Objective Sleep deprivation has been associated with risk of autoimmune diseases. We investigated whether it was associated with risk of developing SLE using the Nurses’ Health Study (NHS) (1986-2016) and NHSII (1989-2017) cohorts.
Methods Average sleep duration in a 24-hour period was reported in the NHS (1986-2014) and in NHSII in (1989-2009). Lifestyle, exposure and medical information was collected on biennial questionnaires. Adjusted Cox regression analyses modeled associations between cumulative average sleep duration (categorical variables) and incident SLE (figure 1). Interactions between sleep duration and shiftwork, bodily pain (Short-Form 36 questionnaire) and depression were examined.
Results We included 186,072 women with 187 incident SLE cases during 4,246,094 person- years of follow-up (table 1). Chronic low sleep duration (≤5 hours/night vs reference >7-8 hours) was associated with increased SLE risk (adjusted HR 2.47, 95%CI:1.29-4.75) (table 2), which persisted after the analysis was lagged (4 years, adjusted HR 3.14, 95%CI1.57-6.29) and adjustment for shiftwork, bodily pain, and depression (adjusted HR 2.13, 95%CI:1.11-4.10) (table 3). We detected additive interactions between low sleep duration and high bodily pain (SF-36 <75) with an attributable proportion (AP) of 64% (95%CI:40%-87%) and HR for SLE of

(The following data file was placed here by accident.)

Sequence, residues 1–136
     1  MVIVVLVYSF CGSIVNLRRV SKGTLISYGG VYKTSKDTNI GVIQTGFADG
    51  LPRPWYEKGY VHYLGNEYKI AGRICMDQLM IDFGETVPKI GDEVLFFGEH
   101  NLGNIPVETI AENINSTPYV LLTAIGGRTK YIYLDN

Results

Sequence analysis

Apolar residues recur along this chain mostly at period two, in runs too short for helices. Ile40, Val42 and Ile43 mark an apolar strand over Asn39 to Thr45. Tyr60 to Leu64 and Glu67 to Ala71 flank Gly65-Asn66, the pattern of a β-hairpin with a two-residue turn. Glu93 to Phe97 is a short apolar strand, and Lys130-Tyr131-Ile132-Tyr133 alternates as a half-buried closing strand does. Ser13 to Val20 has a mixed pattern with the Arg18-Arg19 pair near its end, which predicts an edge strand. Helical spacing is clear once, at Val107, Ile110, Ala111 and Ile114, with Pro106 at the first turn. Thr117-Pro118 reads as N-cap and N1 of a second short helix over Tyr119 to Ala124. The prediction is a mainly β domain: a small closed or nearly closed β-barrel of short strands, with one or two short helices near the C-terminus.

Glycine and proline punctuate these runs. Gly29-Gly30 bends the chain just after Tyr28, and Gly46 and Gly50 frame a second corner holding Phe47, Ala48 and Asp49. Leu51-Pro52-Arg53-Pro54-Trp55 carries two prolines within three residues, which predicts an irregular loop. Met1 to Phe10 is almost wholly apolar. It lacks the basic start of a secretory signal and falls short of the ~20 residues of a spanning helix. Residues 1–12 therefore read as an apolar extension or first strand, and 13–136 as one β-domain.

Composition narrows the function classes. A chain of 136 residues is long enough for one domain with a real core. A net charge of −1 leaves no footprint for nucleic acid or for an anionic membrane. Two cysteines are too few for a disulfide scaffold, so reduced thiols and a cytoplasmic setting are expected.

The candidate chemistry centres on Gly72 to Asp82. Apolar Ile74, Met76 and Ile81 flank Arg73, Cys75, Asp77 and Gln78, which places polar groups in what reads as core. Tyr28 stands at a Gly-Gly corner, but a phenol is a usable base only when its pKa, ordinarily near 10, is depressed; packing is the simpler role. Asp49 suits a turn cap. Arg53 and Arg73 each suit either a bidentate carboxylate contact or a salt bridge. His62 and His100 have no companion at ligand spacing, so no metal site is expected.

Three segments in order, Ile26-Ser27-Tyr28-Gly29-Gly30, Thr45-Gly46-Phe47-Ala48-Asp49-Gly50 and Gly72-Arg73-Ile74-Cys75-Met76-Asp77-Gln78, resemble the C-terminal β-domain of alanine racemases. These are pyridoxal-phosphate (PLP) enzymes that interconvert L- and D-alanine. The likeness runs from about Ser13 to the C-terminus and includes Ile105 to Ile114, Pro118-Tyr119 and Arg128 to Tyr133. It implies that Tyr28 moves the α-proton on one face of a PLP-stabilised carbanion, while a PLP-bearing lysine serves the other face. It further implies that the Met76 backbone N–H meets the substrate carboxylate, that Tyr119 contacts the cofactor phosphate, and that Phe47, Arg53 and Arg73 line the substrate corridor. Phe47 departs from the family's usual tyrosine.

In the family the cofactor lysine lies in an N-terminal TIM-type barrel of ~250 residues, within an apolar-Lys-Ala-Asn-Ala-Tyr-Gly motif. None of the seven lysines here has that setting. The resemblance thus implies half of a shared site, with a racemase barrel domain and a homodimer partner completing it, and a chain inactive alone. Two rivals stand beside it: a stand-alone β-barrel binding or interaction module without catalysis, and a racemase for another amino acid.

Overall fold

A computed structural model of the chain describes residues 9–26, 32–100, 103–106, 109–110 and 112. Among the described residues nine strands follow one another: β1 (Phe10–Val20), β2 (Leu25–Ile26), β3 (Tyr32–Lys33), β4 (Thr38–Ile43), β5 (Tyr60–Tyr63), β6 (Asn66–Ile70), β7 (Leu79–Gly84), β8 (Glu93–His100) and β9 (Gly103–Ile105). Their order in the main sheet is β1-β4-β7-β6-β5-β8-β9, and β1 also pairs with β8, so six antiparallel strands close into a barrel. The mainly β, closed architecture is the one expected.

2.97 (95%CI:1.86-4.75) for those with both risk factors compared to those with neither. Similarly, there was an interaction between low sleep duration and depression with an AP of 68% (95%CI:49%-88%) and an HR for SLE of 2.82 (95%CI:1.64-4.85).
This is an open access article distributed in accordance with the Creative Commons Attribution Non Commercial (CC BY-NC 4.0) license, which permits others to distribute, remix, adapt, build upon this work non-commercially, and license their derivative works on different terms, provided the original work is properly cited, appropriate credit is given, any changes made indicated, and the use is non-commercial. See: http://creativecommons.org/licenses/by-nc/4.0/ .
Statistics from Altmetric.com
If you wish to reuse any or all of this article please use the link below which will take you to the Copyright Clearance Center’s RightsLink service. You will be able to get a quick price and instant permission to reuse the content in many different ways.